The California Superintendent of Public Instruction, Bill Honig, sought review by the Supreme Court, claiming that the Ninth Circuit neglected to consider the decisions of other circuits that acknowledged a “dangerousness exception” to the “stay-put” provision. In addition, he charged that the trial court’s order directing the state to provide direct services when local educational agencies failed to do so imposed an onerous burden on the state.
On further review, the Supreme Court affirmed the earlier judgments except to the extent that the Ninth Circuit suggested that suspensions in excess of 10 days did not constitute changes in placements. Turning to the first of the three issues, the Court began by deciding that the case was moot with regard to Doe because he passed the IDEA’s eligibility age of 21. However, since Smith still was eligible under the IDEA, the Court reviewed the rest of the claim.
At the heart of the case, and in response to Honig’s concerns, the Supreme Court expressly refused to create a “dangerousness exception” to the “stay-put” provision. Reviewing the IDEA’s legislative purpose, the Court found that it is “clear . . . that [in enacting the IDEA] Congress very much meant to strip schools of the unilateral authority they had traditionally employed to exclude disabled students, particularly emotionally disturbed students, from school” (Honig, p. 323, emphasis in original). At the same time, the Court pointed out that educators were not left hamstrung when dealing with potentially dangerous students. For instance, the Court noted that educators may use any of a variety of procedures when responding to dangerous students, such as study carrels, time-outs, detention, restriction of privileges, or suspensions for up to 10 days. The Court indicated that 10-day suspensions are designed to serve as follows:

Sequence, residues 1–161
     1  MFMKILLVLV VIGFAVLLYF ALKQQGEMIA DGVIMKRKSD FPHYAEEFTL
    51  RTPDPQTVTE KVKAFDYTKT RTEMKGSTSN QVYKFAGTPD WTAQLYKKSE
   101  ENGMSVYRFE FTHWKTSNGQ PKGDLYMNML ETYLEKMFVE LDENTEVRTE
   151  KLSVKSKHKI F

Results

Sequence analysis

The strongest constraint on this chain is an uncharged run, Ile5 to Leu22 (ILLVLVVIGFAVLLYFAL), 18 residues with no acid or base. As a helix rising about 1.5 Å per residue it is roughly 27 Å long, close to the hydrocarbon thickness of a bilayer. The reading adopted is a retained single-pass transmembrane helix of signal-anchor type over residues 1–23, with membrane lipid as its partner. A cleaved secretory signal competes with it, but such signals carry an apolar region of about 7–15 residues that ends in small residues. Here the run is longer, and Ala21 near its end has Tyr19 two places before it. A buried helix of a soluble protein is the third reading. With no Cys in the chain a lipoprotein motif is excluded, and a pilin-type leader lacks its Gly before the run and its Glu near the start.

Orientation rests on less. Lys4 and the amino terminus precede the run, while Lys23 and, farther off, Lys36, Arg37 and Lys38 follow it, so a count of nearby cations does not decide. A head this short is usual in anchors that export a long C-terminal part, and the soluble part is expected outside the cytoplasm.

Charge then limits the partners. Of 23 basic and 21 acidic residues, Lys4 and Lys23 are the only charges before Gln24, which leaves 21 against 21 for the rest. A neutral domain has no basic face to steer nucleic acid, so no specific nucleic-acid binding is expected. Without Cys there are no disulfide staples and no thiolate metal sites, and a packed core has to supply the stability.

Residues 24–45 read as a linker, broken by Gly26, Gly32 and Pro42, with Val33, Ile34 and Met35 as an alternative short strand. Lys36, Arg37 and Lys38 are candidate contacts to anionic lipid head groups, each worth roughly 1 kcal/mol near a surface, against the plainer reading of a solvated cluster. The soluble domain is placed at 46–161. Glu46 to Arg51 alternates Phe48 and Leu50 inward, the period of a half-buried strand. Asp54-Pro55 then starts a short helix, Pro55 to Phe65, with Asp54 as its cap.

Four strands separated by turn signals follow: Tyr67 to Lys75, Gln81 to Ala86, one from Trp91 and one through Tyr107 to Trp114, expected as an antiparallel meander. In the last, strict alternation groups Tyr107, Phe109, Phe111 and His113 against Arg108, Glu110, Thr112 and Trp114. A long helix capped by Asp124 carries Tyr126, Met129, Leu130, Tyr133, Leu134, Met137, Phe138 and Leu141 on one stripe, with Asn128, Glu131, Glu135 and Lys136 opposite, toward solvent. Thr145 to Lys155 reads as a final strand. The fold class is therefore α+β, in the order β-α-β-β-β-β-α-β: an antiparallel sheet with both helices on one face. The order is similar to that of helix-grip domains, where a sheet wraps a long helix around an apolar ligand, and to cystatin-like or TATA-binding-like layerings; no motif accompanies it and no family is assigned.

A “cooling down” period during which officials can initiate IEP review and seek to persuade the child’s parents to agree to an interim placement. And in those cases in which the parents of a truly dangerous child adamantly refuse to permit any change in placement, the ten-day respite gives school officials an opportunity to invoke the aid of the courts . . . to grant any appropriate relief. (p. 327)
Recognizing that the IDEA’s legislative history suggested that Congress sought to prohibit the unilateral exclusion of disabled children by schools and not courts, the Supreme Court reasoned that the “stay-put” provision does not limit the authority of courts to award appropriate relief to either a parent or the local educational agency. Rather, the Court asserted that the “stay-put” provision created a presumption in favor of leaving children in their existing educational placements unless educators could prove that they were likely to harm themselves or others.
The Court thus concluded this part of its opinion by explaining that school officials are entitled to seek injunctive relief to exclude students from school when the interests of maintaining safe learning environments for all outweighs the dangerous child’s right to receive a free and appropriate public education.
As to the third issue, an equally divided Supreme Court affirmed that the state must provide services directly to students with disabilities when local boards fail to make them available.
Amy M. Steketee